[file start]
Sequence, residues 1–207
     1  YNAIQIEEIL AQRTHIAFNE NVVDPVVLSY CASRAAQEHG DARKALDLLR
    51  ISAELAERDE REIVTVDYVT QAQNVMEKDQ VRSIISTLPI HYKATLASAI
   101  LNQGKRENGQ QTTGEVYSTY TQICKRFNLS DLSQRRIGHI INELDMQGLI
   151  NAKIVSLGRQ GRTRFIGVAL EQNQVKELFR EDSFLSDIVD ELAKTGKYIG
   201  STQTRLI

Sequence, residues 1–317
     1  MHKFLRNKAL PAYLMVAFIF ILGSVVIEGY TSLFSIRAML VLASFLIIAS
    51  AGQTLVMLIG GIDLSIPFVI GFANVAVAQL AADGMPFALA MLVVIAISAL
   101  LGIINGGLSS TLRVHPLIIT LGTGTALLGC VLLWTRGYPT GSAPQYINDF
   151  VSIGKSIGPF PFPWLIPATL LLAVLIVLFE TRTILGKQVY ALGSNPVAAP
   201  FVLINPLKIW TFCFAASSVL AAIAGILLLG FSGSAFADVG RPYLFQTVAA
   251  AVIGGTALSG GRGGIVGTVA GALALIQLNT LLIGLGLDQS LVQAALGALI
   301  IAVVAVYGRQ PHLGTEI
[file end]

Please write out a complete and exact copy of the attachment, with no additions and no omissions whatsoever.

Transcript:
Sequence, residues 1–207
     1  YNAIQIEEIL AQRTHIAFNE NVVDPVVLSY CASRAAQEHG DARKALDLLR
    51  ISAELAERDE REIVTVDYVT QAQNVMEKDQ VRSIISTLPI HYKATLASAI
   101  LNQGKRENGQ QTTGEVYSTY TQICKRFNLS DLSQRRIGHI INELDMQGLI
   151  NAKIVSLGRQ GRTRFIGVAL EQNQVKELFR EDSFLSDIVD ELAKTGKYIG
   201  STQTRLI

Sequence, residues 1–317
     1  MHKFLRNKAL PAYLMVAFIF ILGSVVIEGY TSLFSIRAML VLASFLIIAS
    51  AGQTLVMLIG GIDLSIPFVI GFANVAVAQL AADGMPFALA MLVVIAISAL
   101  LGIINGGLSS TLRVHPLIIT LGTGTALLGC VLLWTRGYPT GSAPQYINDF
   151  VSIGKSIGPF PFPWLIPATL LLAVLIVLFE TRTILGKQVY ALGSNPVAAP
   201  FVLINPLKIW TFCFAASSVL AAIAGILLLG FSGSAFADVG RPYLFQTVAA
   251  AVIGGTALSG GRGGIVGTVA GALALIQLNT LLIGLGLDQS LVQAALGALI
   301  IAVVAVYGRQ PHLGTEI